Despite rapid technological progress and economic growth, close to 900 million people the world over do not use drinking water from improved sources and over 2.6 billion lack access to decent sanitation facilities. This indefensible public failing, which is conspicuous in the developing world, comes with tremendous economic and social costs. Safe drinking water and basic sanitation, as United Nations organisations have often emphasised, help prevent water-related diseases. Specifically when it comes to diarrhoea, which kills 1.6 million annually, improved water supply reduces morbidity by 20 per cent while improved sanitation cuts it by 37.5 per cent. The indirect benefits of providing access to drinking water to households, such as the time saved by women and children — who are often carriers of this precious commodity from source — are reflected, for example, in better school attendance. The debilitating effect of the lack of sanitation facilities is seldom appreciated. A World Bank study placed the total economic impact of inadequate sanitation in India at Rs.2.44 trillion (6.4 per cent of India's GDP in 2006). Three ongoing UN initiatives spotlight the importance of water and sanitation: the Millennium Development Goals, the Water for Life Decade (2005-2015), and the annual World Water Day (March 22) which had “Water for Cities” as the theme this year.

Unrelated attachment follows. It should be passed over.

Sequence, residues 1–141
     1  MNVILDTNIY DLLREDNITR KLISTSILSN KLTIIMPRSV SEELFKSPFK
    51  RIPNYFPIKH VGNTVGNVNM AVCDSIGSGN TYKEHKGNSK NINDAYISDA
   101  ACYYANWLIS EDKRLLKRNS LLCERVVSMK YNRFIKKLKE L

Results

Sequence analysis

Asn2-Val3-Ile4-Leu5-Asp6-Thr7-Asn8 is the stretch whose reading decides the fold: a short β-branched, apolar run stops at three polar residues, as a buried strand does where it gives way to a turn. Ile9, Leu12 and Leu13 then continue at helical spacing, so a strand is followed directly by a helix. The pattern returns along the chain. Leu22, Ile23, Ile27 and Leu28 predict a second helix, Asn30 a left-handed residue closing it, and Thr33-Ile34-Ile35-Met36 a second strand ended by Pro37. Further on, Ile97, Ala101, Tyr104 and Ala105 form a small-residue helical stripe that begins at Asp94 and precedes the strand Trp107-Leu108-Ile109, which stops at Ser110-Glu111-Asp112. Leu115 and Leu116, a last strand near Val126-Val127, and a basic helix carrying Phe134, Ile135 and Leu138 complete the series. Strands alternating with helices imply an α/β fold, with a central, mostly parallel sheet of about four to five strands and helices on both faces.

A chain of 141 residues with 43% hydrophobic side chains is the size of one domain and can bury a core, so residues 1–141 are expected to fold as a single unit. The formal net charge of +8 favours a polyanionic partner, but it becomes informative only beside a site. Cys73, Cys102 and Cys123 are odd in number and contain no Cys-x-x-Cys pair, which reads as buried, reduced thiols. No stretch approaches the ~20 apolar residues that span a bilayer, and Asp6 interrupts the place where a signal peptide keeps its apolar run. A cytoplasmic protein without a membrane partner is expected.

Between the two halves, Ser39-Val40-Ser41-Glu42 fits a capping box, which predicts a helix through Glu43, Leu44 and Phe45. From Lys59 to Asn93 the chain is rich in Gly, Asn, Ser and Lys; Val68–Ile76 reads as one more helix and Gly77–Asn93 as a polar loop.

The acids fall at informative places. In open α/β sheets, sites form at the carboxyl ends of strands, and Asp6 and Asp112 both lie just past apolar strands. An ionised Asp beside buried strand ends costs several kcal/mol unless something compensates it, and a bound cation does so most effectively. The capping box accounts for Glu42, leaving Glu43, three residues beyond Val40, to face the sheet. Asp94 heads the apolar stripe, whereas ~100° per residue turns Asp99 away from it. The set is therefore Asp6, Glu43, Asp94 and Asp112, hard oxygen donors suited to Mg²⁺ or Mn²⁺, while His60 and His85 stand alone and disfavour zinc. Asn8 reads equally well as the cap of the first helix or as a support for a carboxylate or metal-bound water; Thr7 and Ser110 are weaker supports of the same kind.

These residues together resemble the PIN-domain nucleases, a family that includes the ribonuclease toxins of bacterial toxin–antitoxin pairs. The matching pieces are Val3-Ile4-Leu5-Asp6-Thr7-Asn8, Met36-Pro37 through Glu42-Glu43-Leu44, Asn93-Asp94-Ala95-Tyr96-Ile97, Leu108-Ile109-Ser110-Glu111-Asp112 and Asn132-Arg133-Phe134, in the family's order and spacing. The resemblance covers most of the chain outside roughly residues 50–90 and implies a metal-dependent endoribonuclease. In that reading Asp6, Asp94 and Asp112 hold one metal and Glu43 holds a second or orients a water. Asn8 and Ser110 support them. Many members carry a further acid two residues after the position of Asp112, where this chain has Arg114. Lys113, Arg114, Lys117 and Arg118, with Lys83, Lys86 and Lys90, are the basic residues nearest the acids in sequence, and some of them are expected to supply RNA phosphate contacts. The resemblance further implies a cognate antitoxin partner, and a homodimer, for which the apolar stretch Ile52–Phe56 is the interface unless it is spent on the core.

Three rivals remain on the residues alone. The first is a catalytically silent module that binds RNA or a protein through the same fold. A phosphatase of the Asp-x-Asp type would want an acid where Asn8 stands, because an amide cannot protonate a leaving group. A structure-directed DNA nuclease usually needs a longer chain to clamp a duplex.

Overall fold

India, its urban areas included, is a laggard, especially in sanitation. More than 37 per cent of urban India's human excreta is unsafely disposed of, posing significant health hazards. The country is also home to the world's largest number of persons who defecate in the open (665 million persons of a global total of 1.1 billion). Shockingly, 4,66,853 elementary schools did not have toilet facilities, going by the data for 2009. The crisis looming over urban India is best revealed by a central government survey between December 2009 and March 2010. In this exercise, which ranked the 423 class-I cities according to metrics set by the National Urban Sanitation Policy, not a single one was eligible to be in the top slot of a “green city” (which needed to score at least 90 per cent) and only four were “blue cities” (67 per cent to 90 per cent). With 189 cities categorised as “red” (less than 33 per cent), and the remaining 230 in the “black” zone, it is evident that India has a long way to go in providing this basic infrastructure, which not only offers minimum dignity to life but is the elementary requirement for a healthy society. High economic growth rates, even if they are sustained, do not such a society make.